Off the rails: Uncertainty over Airtrain monopoly

Buses could provide public transport direct to Brisbane Airport after 2014, according to Brisbane City Council.

The restricted timetable of the Airtrain service, which has a virtual monopoly on public transport to and from the airport, has long been an issue for travellers.

The contract between the state Transport Department and the rail provider is confidential and it appears unclear when the monopoly could be broken, with a spokesman for Transport Minister Scott Emerson saying Airtrain had exclusive rights to service the airport until 2036.

However in April 2011, council told the Productivity Commission that a change in the contract to allow the introduction of buses was possible after 2014.

The issue was raised earlier this week by Brisbane Airport Corporation chief executive Julieanne Alroe, who said public transport was becoming more popular among air travellers.

BAC's figures showed the share of people using Airtrain increased from around 6 per cent in 2008 to around 8 per cent in 2011, while a further 13 per cent used private mini-buses and coaches.

Airtrain, a private company, runs the rail link from Eagle Junction to the international and domestic terminals. Its confidential contract with the Transport Department to provide rail services runs until 2036.

Airtrain built the rail link without government assistance at a cost of $200 million and opened the service in 2001.

That was confirmed last night by a spokesman for Mr Emerson, who said the contract ran for 35 years.

"In 2001, the Labor government signed a 35-year agreement with Airtrain that excludes the operation of subsidised public transport buses to Airtrain stations," he said in a statement.

However, council's report to the Productivity Commission appears to contradict this.

"Under the agreement between Airtrain and Queensland Transport, Brisbane City Council is not permitted to operate a bus service within one kilometre of Airtrain stations until 2014," it reads.

"As both the domestic and international terminals fall within one kilometre of an Airtrain station, Council can only provide limited services.

"Though other sources of transport service the Airport, competition appears to be constrained due to factors such as contractual arrangements, restricted hours of operation and limited access."

That is why three state government-subsidised bus services (routes 590, 369 and 303) run by council have to run no closer than the DFO shopping centre near the airport.

Lord Mayor Graham Quirk is in China and his office would not let Deputy Lord Mayor Adrian Schrinner speak on the issue, because the contract parties are the state government and Airtrain.

However a spokesman for Cr Quirk said he believed 2014 was when Airtrain's exclusivity agreement for public transport ended.

"But when it gets to 2014, whether they decide to open it up or not, we would have no idea," he said.

Mr Emerson's spokesman, who also worked at Translink, spoke with three senior departmental officers last night, who said they did not believe changes could happen in 2014, although none remembered the Airtrain contract in detail, he said.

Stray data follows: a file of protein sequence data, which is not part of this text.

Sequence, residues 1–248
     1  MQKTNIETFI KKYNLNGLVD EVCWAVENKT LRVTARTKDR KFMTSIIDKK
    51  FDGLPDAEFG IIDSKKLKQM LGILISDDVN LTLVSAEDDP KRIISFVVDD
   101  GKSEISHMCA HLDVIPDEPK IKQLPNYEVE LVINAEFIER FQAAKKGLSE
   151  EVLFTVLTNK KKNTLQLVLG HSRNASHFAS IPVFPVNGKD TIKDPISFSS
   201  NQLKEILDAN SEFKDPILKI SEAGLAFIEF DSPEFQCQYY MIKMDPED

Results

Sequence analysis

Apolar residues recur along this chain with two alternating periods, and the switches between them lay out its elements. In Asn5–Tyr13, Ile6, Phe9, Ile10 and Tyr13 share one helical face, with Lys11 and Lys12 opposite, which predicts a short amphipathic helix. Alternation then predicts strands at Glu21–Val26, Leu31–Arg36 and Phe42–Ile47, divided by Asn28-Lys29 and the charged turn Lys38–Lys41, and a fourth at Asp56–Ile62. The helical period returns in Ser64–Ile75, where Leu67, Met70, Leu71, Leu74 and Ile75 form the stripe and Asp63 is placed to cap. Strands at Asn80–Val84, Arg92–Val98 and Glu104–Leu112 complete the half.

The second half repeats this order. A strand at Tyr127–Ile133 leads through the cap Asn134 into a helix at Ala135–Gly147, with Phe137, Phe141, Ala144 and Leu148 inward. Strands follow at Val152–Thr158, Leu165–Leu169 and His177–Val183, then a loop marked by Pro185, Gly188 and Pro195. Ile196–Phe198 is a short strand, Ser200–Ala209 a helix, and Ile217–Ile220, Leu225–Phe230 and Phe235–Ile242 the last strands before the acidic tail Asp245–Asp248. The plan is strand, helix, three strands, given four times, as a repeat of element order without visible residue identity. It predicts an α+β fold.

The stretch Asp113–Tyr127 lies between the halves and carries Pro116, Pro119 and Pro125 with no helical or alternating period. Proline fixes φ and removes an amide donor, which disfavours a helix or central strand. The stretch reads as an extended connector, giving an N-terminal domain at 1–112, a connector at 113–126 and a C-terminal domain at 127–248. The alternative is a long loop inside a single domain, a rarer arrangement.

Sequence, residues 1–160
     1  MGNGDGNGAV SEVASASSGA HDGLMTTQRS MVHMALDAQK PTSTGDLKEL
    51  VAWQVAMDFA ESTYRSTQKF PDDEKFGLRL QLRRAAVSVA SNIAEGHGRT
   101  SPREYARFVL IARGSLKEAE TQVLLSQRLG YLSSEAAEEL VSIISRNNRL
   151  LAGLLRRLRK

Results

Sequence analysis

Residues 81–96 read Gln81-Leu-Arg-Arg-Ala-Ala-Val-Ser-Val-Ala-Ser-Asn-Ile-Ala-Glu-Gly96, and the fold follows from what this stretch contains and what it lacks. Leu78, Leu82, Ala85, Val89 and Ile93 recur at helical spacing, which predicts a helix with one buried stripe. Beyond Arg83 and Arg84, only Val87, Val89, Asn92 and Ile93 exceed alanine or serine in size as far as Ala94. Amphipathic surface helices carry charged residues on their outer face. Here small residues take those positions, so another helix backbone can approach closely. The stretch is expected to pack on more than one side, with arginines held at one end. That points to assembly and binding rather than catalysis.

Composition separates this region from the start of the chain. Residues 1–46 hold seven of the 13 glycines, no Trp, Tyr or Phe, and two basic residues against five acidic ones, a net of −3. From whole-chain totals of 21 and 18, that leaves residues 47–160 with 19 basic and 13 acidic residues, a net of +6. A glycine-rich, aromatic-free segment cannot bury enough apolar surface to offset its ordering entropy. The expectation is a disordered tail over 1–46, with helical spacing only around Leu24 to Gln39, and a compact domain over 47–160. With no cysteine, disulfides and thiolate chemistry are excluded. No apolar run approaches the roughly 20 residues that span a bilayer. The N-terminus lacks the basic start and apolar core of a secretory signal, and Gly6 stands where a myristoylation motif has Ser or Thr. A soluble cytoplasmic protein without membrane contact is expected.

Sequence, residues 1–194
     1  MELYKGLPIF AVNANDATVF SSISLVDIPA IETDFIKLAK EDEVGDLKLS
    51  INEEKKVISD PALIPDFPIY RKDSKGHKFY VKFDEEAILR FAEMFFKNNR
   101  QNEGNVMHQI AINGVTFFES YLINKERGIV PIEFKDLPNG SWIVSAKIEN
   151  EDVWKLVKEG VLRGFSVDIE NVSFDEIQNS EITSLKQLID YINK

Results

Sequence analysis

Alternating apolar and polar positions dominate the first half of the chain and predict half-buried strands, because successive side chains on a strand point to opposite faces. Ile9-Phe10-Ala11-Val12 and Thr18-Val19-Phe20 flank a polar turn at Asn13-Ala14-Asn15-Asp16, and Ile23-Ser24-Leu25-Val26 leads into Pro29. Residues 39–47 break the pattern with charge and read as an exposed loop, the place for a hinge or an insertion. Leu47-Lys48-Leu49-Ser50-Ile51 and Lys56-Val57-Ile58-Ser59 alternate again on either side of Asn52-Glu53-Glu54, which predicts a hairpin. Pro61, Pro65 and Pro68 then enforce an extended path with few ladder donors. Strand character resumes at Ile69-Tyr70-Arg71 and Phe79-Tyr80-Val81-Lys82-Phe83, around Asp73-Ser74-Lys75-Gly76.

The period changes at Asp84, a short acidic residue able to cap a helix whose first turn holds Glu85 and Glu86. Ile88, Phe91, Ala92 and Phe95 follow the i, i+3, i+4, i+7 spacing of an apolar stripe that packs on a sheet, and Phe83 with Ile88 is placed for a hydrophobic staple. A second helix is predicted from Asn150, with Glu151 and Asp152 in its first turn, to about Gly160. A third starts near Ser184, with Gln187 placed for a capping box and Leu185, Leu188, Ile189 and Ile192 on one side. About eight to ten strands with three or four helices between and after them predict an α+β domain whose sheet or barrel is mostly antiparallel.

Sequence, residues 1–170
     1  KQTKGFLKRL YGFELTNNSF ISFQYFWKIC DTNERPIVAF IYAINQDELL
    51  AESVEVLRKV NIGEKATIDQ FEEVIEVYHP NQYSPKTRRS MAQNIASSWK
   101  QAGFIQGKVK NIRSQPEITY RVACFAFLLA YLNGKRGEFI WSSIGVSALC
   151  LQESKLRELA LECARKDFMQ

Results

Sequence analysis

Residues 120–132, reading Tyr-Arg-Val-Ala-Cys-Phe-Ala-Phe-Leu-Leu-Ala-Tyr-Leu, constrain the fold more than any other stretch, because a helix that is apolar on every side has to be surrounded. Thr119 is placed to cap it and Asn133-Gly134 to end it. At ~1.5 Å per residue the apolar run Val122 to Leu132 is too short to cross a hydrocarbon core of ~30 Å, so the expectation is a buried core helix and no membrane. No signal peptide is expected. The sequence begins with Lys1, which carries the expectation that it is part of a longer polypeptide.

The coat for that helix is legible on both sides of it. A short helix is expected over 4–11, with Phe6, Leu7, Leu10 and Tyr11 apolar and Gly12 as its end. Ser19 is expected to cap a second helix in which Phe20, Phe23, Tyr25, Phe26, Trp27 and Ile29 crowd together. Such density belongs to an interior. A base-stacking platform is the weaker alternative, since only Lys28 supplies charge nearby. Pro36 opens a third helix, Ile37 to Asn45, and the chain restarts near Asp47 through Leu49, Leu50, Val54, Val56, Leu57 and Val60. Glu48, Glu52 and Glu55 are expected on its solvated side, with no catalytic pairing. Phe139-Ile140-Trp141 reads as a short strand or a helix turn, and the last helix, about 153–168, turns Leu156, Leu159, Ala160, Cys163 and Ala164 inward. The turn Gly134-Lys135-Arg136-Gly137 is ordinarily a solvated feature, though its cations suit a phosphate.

Airtrain now charges $15.50 for a one-way trip between Central Station and the domestic terminal, with 1.5 million people using the service last year.

The same journey could be a zone three Go Card bus trip which would cost $4.24 in peak hour or $3.40 in off peak.

Tourists using a paper ticket would pay $6.30 for the same bus trip, less than half of Airtrain's fare, though again Airtrain services are not subsidised.

Ms Alroe said BAC's research showed that the number of people using private vehicles to get to the airport was declining.

"Using private vehicles particularly to pick up and drop off is one of the declining areas," she said.

"We are certainly seeing shifts to public transport."

BAC statistics for 2011 show that for the domestic terminal: the Airtrain carried 8 per cent of passengers, private vehicles had 50 per cent, taxis had 26 per cent of passengers, while mini-buses had 13 per cent and private limousines had 3 per cent.

Airtrain's chief operating officer Neil Dickin said the company made a $15.7 million profit in 2011- 12, a 25 per cent increase on the 2010-11 profit figure of $12.5 million.

Mr Dickin said Airtrain's contract was for 35 years, but when asked about bus services, he said he "could not go into the details of the contract".

"We have around 1.5 million passengers a year, which equates to around 7 per cent of the patronage at Brisbane Airport," he said.

"It has been steady over the past three years. It stays steady at about the 7 per cent market share."

Mr Dickin repeatedly declined to comment on details within the contract involving bus services to the airport.

In 2009-10 BAC received $840,000 in "landside access charges" from private bus companies (mainly Coachtrans) using the airport.

It also received $140,000 from Airtrain as a train corridor lease, according to council's submission to the Productivity Commission.

It is unclear whether a bus service along the recently opened Airport Link tunnel has been investigated.

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